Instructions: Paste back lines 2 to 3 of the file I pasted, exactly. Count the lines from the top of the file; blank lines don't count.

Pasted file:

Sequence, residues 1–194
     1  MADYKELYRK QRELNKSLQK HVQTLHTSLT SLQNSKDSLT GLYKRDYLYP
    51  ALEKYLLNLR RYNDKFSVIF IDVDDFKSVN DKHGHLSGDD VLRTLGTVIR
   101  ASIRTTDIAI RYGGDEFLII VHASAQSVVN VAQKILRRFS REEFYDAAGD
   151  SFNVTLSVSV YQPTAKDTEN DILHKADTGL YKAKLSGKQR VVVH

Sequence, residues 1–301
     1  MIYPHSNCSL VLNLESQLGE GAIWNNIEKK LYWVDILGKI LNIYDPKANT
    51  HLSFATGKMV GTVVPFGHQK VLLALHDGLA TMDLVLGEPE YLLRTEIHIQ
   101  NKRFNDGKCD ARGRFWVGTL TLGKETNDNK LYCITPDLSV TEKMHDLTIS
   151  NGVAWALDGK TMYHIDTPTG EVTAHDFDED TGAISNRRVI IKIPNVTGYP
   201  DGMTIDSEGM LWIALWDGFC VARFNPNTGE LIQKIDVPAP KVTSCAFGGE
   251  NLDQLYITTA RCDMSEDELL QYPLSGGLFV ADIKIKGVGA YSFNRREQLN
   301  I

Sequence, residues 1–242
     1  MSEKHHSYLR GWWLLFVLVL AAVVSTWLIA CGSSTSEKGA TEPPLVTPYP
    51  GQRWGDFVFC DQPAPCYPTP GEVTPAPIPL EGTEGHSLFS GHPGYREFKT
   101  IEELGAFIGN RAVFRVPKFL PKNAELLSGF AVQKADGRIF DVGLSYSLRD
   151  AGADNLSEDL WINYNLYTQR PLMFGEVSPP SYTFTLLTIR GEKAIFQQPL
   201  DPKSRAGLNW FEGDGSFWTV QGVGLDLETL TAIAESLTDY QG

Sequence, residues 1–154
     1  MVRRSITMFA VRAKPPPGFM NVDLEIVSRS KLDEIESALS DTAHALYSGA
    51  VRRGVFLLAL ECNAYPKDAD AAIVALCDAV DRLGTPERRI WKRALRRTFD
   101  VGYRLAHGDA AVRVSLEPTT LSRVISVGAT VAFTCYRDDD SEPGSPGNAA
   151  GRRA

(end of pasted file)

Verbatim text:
     1  MADYKELYRK QRELNKSLQK HVQTLHTSLT SLQNSKDSLT GLYKRDYLYP
    51  ALEKYLLNLR RYNDKFSVIF IDVDDFKSVN DKHGHLSGDD VLRTLGTVIR